GSLs containing VLCFAs regulate several immune responses, such as cytokine production, immune signaling, and antibody induction. We found that immunization with GSLs containing VLCFAs can efficiently induce the production of anti-glycan antibodies by B cells. Based on this finding, we have developed artificial GSLs which can specifically induce adaptive immune responses and promote antibody production by B cells. The technology can be utilized to develop anti-glycoprotein antibodies and cancer vaccines targeting tumor-associated carbohydrate antigens [Ref.1].

(2) Diet and Ganglioside Expression.

 Gangliosides are series of GSLs containing sialic acids in the oligosaccharide portion in mammalian cells. Gangliosides are a component of cellular membranes and play roles in modulating membrane function and the activity of membrane proteins. Abnormal expression and metabolism of gangliosides lead to the onset of several conditions in humans, such as neurologic diseases, diabetes, and cancer. A number of studies have been carried out to date to investigate the role of gangliosides in these diseases, and the effect of diet on tissue expression of gangliosides has recently become a topic of interest in this field. As gangliosides are degraded in the intestinal tract, ingested food-derived gangliosides are not directly absorbed into tissues in vivo, but the degradation products can be absorbed and affect ganglioside expression in the tissues. Recent studies have also shown that the expression of gangliosides in tissue cells can be indirectly induced by controlling the expression of ganglioside metabolism-related genes via the diet. Our study focuses on the dietary control to regulate the expression levels of gangliosides in tissues, which is expected to play a role in preventing and treating ganglioside-related diseases[Ref.2].


  1. Induction of specific adaptive immune responses by immunization with newly designed artificial glycosphingolipids. Sci. Rep. 2019, 9, 18803.
  2. Dietary Control of Ganglioside Expression in Mammalian Tissues. Int. J. Mol. Sci. 2020, 21(1), 177.

Elucidation of molecular mechanisms of sophisticated social systems in insects

  Social insects have evolved sophisticated social organization in their colony. In our study, we are focusing on ants and aphids to clarify molecular mechanisms of their highly specialized biological functions to maintain and control the social systems. These studies using such unique animals are expected to discover novel biological phenomena and functions, bioactive substances, and lead compounds for medical drugs etc.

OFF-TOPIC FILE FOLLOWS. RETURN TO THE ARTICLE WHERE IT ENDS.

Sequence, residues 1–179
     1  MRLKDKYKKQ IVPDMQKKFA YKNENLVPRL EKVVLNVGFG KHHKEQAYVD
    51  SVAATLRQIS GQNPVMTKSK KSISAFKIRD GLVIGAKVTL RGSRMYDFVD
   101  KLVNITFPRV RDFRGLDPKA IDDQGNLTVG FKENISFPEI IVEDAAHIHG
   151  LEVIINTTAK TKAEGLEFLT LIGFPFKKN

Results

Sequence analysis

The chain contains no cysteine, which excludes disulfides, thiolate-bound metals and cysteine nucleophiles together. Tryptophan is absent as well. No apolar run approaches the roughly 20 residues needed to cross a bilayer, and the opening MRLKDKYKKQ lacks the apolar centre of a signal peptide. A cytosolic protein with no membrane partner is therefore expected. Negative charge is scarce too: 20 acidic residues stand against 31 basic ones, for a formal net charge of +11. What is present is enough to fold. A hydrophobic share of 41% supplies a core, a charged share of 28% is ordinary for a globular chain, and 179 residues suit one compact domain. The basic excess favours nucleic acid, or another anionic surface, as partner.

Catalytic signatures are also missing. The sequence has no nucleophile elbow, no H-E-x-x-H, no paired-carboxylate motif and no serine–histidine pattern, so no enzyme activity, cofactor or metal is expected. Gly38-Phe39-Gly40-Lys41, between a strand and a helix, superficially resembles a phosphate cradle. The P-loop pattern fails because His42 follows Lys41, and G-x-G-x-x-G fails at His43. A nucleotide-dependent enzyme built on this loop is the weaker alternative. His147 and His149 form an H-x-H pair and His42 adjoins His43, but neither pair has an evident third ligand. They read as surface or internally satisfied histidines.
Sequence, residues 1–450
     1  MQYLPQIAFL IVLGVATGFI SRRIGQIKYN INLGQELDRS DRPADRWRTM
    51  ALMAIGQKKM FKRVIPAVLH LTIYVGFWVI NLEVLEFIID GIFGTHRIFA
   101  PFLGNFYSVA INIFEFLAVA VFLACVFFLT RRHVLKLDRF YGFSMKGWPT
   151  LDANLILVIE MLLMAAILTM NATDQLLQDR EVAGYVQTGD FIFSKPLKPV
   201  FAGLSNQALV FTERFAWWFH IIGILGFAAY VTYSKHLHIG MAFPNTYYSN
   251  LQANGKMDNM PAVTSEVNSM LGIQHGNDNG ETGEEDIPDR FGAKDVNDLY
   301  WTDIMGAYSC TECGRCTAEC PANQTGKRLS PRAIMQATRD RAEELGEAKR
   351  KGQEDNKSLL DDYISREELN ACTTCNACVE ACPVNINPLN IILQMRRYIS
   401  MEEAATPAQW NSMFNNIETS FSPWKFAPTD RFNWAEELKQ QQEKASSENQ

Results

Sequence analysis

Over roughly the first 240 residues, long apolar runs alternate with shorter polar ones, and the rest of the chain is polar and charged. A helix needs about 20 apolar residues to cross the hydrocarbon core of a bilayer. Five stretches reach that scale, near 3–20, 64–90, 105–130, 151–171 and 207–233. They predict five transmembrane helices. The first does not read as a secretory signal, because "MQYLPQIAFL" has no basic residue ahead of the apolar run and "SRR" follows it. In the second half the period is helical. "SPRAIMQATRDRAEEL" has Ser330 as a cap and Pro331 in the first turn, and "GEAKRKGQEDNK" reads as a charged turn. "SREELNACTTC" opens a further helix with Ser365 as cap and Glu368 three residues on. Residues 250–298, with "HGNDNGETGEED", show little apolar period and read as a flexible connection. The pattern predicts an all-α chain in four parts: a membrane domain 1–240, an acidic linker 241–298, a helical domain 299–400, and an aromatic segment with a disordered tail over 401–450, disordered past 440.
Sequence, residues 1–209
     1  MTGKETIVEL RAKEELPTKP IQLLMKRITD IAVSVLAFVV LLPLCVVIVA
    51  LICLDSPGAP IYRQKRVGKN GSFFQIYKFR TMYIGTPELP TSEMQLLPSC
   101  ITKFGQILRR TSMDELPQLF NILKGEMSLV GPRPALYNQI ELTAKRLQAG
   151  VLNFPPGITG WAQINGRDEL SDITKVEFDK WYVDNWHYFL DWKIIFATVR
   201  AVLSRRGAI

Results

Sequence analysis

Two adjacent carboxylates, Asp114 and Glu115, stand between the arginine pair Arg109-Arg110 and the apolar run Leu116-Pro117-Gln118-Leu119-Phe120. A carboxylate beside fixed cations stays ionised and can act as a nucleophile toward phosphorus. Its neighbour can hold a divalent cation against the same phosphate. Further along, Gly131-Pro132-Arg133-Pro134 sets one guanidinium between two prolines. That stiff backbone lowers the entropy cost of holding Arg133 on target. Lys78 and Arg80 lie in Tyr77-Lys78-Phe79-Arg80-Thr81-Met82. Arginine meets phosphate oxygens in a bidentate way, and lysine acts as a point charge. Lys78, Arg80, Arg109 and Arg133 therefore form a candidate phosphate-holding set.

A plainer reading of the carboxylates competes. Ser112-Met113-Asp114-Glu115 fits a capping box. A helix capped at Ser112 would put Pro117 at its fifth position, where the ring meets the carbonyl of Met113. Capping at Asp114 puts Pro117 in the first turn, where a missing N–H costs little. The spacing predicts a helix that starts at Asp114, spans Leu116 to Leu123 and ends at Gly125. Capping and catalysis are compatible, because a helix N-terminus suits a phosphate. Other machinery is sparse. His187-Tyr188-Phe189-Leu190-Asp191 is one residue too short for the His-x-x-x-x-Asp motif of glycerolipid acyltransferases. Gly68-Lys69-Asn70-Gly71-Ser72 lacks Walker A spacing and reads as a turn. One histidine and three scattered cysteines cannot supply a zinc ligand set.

(1) Molecular mechanisms of caste differentiation, social behavior and insect-plant interactions in social aphids.

  In some aphids, altruistic individuals known as “soldiers” are found in their colonies like bees, ants and termites. Among about 5,000 aphid species recorded in the world, more than 80 species are known to be social. Their primary social role is colony defense, but soldiers in some species also perform nest labors, such as gall cleaning and repairing. Soldiers and reproductive individuals are genetically identical clones produced by parthenogenesis, but their morphology, reproductivity and behavior are totally different because of their caste-specific gene expression patterns. We are focusing on soldier aphids to elucidate molecular mechanisms of caste differentiation and social behaviors in aphids. We are also interested in aphid-plant interactions, such as gall formation by social aphids. Also see our publications.

(2) Regulatory mechanisms of social behavior in ants

  Social animals live in groups with other members. With social ants, our goal is to understand the relationship between our health, longevity, and social environment with utilizing the behavior tracking system, omics analysis, and molecular biology.

  Social insects live in the social organization called colony, with complex social hierarchy composed from reproductive queens, males and non-reproductive female workers. In matured colony, workers have another sociality called division of labor in worker castes. Workers perform nursing when they are young, and shift their job to foraging when they get old. They also can flexibly change their job depending on the demand in their colony. We focus on their sophisticated social organization and study the molecular mechanisms to regulate their behavior, physiology and longevity in social environment. See here for the details.

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Bioproduction Research Institute

AIST Hokkaido
2-17-2-1, Tsukisamu-Higashi,
Toyohira Ward, Sapporo City,
Hokkaido, 062-8517 Japan
AIST Tsukuba Central 6
Central 6,1-1-1 Higashi, Tsukuba, Ibaraki 305-8566 Japan